DNF: The Goddess of Nothing At All by Cat Rector

Posted 9th September 2021 by Sia in Fantasy Reviews, Queer Lit, Reviews / 3 Comments

The Goddess of Nothing At All (Unwritten Runes #1) by Cat Rector
Genres: Fantasy, Queer Protagonists
Representation: Bi/pansexual bigender MC, genderfluid love interest
Published on: 1st October 2021

Perhaps you know the myths.

Furious, benevolent Gods.
A tree that binds nine realms.
A hammer stronger than any weapon.
And someday, the end of everything.

But few have heard of me.

Looking back, it’s easy to know what choices I might have made differently. At least it feels that way. I might have given up on my title. Told my father he was useless, king of Gods or no, and left Asgard. Made a life somewhere else.

Maybe I would never have let Loki cross my path. Never have fallen in love.

But there’s no going back.

We were happy once.

And the price for that happiness was the end of everything.

I received this book for free from the author in exchange for an honest review. This does not affect my opinion of the book or the content of my review.


~Thor does not rock a dress
~All the queerness please, yes good excellent
~Zeus better watch out, Odin’s coming for the Worst Dad and King God crown

This turned out to be an incredibly difficult book for me to judge objectively. I didn’t think it would be – it never crossed my mind that it might be. I don’t know the author (though I did interact with her briefly in the process of requesting an ARC) or anything. It was just a book I was hoping would be good.

But it turns out I have much stronger opinions and beliefs about the Norse myths than I thought I did, and although this retelling sticks pretty close to those myths in some ways, it deviates from them in others in ways I just couldn’t stomach.

There are still people in the world who worship the Norse gods, and witches who work with them. I’m not one of them, but I am an eclectic neopagan, and I run in those circles. I know several people who work with/are dedicated to Odin, and I guess over the years I’ve absorbed what I’ve heard and read and been told.

Rector’s depiction of Odin is a very ugly contrast to the god who is still worshipped.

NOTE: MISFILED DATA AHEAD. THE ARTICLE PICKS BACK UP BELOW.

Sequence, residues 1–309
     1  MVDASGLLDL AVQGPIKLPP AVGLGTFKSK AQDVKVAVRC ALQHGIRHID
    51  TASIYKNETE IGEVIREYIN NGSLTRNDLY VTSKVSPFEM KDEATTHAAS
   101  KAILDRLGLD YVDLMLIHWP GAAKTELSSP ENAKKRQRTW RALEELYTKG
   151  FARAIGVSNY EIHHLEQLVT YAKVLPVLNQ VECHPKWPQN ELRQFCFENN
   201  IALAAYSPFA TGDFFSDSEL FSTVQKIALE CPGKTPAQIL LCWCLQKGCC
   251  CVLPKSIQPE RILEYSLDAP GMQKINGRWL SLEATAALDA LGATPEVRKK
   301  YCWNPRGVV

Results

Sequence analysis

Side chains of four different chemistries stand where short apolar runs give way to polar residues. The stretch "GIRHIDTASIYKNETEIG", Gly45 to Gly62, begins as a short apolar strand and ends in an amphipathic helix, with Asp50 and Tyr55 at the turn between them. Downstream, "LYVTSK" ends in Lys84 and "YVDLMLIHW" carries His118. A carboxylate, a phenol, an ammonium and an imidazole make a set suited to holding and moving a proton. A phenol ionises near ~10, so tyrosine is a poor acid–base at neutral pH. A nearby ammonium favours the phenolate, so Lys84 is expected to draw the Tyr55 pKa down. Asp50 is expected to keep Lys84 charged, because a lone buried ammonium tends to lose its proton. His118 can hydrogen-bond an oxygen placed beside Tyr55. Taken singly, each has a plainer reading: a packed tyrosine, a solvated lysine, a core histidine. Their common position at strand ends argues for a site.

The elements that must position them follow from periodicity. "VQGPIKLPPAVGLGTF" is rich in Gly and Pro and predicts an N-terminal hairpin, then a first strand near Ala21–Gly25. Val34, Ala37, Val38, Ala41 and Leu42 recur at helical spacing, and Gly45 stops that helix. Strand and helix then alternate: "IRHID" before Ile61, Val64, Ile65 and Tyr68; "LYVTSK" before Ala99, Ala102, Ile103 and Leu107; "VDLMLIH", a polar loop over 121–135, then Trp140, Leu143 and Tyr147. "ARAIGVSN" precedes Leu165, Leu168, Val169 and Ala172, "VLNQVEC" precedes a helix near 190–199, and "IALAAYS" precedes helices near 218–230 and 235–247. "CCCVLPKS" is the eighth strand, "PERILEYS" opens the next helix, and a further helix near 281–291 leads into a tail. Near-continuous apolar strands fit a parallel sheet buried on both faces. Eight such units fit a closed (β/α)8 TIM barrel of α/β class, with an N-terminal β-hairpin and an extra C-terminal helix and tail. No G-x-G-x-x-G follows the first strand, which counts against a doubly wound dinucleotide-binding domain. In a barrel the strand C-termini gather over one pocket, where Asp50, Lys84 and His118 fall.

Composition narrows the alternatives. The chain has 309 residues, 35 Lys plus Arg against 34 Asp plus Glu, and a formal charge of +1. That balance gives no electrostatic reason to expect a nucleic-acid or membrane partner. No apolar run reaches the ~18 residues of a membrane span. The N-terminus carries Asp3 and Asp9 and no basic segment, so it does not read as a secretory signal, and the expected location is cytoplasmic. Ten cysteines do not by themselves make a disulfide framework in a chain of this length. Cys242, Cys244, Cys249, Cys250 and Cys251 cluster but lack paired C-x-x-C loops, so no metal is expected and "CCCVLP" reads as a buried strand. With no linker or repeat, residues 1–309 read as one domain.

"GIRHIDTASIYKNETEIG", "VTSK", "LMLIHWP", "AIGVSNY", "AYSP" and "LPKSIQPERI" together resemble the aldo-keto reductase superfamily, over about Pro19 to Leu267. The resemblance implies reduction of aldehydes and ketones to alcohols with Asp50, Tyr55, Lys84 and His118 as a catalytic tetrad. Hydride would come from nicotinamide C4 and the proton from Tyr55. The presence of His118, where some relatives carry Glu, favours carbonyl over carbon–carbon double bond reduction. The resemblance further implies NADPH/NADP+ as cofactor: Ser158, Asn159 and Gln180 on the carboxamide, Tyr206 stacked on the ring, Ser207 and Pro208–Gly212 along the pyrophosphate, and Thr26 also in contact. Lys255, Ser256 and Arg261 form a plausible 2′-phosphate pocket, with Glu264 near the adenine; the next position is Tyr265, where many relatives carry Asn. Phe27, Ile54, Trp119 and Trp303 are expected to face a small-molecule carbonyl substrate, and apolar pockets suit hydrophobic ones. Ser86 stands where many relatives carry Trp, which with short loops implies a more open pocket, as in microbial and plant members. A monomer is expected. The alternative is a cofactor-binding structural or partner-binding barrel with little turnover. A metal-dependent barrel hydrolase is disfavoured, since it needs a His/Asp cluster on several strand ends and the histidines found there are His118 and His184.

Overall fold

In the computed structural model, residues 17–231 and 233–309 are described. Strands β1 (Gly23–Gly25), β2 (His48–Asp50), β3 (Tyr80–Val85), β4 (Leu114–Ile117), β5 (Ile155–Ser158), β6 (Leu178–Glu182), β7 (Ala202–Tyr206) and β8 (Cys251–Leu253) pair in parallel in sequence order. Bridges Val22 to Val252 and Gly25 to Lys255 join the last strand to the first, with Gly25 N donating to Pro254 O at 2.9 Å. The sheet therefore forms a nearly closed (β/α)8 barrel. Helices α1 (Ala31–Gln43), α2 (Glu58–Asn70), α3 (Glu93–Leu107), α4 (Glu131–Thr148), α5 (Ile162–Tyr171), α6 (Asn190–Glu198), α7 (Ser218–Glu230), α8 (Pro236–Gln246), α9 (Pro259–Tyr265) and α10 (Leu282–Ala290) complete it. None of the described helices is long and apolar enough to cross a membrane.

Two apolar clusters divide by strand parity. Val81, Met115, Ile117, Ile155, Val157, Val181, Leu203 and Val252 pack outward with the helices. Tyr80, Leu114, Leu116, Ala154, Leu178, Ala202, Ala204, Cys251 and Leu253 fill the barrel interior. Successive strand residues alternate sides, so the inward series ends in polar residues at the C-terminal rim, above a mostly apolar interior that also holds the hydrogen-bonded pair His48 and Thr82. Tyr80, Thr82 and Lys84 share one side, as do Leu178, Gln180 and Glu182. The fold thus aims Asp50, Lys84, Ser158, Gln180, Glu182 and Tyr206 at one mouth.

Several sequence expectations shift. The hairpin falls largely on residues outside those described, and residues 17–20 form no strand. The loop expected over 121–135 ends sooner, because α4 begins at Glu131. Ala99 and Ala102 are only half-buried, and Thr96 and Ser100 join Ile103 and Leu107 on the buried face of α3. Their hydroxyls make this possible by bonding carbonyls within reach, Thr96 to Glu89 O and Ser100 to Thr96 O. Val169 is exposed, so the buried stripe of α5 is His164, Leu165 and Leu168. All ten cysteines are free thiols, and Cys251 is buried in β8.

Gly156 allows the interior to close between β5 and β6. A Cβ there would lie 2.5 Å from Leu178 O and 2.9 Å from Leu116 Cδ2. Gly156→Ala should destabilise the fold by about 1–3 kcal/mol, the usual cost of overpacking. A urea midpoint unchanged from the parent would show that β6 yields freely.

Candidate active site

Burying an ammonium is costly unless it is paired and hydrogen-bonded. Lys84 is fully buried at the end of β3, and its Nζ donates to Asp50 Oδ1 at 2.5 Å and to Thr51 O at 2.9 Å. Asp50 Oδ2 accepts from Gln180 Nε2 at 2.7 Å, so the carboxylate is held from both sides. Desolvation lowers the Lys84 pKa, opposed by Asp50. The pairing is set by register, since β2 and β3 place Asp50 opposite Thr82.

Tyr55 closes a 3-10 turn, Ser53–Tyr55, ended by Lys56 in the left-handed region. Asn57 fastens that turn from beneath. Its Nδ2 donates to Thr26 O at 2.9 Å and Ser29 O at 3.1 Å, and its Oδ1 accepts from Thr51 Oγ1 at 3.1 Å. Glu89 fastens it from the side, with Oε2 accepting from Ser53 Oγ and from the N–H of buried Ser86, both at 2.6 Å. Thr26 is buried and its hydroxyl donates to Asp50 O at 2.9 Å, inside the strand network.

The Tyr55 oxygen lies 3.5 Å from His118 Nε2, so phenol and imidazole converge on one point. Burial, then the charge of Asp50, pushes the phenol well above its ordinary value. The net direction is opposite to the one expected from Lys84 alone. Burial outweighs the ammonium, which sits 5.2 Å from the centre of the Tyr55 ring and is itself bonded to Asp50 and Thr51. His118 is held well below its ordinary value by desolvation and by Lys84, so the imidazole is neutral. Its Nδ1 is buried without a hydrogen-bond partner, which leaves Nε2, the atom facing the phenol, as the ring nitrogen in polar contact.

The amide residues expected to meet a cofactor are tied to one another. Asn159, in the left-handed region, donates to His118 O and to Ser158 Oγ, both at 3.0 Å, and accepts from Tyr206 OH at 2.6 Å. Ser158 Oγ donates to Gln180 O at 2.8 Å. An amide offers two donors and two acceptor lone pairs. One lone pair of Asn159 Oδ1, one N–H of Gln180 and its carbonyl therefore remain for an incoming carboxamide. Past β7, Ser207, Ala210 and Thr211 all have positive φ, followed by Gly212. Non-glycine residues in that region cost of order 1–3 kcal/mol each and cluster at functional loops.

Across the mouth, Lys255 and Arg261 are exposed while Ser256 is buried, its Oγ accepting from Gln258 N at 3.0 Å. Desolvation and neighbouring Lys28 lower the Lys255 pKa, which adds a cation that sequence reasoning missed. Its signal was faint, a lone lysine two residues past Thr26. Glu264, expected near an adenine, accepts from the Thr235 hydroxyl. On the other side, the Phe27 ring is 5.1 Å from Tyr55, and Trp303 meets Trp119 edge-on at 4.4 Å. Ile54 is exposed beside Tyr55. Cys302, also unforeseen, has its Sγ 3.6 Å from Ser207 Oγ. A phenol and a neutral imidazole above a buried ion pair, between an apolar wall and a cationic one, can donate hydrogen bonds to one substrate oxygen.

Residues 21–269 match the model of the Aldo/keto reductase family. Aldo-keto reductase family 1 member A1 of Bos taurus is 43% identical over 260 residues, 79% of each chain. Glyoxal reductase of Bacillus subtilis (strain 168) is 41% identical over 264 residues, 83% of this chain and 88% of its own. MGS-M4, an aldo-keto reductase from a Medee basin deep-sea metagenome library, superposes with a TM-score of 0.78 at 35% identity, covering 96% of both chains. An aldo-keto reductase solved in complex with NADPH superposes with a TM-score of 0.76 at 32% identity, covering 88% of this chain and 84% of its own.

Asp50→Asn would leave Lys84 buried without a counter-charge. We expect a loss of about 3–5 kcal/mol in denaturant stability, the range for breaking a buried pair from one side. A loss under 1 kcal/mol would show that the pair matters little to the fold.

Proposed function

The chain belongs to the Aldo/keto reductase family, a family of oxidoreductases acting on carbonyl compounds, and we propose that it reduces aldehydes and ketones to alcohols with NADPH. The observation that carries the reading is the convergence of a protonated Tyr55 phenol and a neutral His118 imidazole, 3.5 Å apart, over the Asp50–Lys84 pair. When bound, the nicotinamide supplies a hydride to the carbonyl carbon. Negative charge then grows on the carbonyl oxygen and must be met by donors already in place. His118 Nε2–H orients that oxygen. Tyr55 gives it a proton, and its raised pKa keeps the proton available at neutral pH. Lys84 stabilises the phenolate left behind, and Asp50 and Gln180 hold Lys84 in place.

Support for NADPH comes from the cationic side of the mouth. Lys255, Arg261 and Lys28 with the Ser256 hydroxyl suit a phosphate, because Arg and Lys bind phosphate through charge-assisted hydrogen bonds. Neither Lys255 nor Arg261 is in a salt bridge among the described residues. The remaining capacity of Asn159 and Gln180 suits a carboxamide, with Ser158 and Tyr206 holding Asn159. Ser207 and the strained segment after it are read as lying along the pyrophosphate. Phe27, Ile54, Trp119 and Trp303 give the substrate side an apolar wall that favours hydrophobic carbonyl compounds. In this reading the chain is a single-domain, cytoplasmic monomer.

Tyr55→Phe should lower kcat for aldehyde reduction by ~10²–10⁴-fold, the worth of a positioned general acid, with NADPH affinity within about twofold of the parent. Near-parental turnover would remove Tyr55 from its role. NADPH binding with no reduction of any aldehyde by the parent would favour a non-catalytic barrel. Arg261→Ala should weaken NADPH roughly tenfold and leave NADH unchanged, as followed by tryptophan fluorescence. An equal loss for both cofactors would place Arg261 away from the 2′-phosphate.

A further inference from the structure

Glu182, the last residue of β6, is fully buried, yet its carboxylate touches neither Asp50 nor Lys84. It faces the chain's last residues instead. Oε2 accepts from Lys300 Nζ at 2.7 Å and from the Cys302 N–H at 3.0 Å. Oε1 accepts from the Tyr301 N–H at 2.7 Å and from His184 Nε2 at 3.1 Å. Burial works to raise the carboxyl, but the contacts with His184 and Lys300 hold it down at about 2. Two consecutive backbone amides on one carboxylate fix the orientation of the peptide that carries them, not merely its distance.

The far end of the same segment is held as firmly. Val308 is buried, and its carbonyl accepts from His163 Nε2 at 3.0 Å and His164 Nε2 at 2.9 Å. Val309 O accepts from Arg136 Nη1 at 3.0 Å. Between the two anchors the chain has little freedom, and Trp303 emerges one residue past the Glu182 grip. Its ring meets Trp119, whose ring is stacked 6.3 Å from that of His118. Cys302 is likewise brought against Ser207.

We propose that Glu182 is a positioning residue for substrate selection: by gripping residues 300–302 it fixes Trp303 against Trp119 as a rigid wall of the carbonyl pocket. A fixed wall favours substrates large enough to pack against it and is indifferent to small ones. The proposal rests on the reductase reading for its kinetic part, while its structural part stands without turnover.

But of course, that shouldn’t matter. This is a retelling of ancient stories; it was always going to be different from the ‘canon’. Rector even warns in an Author’s Note that none of the characters pass through her story untarnished; everyone comes out flawed at best and fairly awful at worst. This is fiction, not religion. It’s not fair to judge it as anything other than fiction, to give it a low score for being what it told the reader it would be and doing what it said it was going to do.

If I try and look at it more like the way I view the Thor movies… Then putting aside my discomfort with some of the characterisations as much as I can, I still have to say that I didn’t enjoy reading The Goddess of Nothing At All. It’s light on description and moves too fast, too much of the plot felt unrealistically contrived, and I didn’t feel any chemistry between Sigyn and Loki – the relationship which is supposed to be the catalyst for the entire plot. It didn’t help that they got together so quickly – I wouldn’t call it insta-love, but I couldn’t buy into it, either.

I couldn’t work out the worldbuilding – couldn’t work out the difference between the gods and the people who live alongside them in the same realm. They’re referred to as human, but are they mortals? What’s the difference between mortals and the gods? Usually I want my non-human characters to feel non-human, but I was okay with the Norse gods not feeling alien – like the Greek gods, maybe even more so, the Norse gods have always been very human. But I got no sense of the gods having their own culture, viewing the world in a unique way, nothing.

And why is Odin the one deciding what everyone’s a god of? I understood and believed in Sigyn’s frustration in not being given her title after so long, but why is that something her father is supposed to pronounce rather than something she’s supposed to discover for herself? And everyone is Odin’s child suddenly – honestly, he gave me very strong Zeus vibes, having kids left-right-and-centre and generally being a dick.

At one point – this is what I mean about the plot feeling contrived – Odin declares Sigyn must find her title within the next two weeks or else. Why??? She’s already spent 50 years trying, how does he think she’s going to manage it in 14 days? It’s such a stupid thing, illogical and mean, and such a cliche. It doesn’t make sense, either – why would gods, who are immortal, ever think in terms of a week or two? That must be a blink of the eye to them.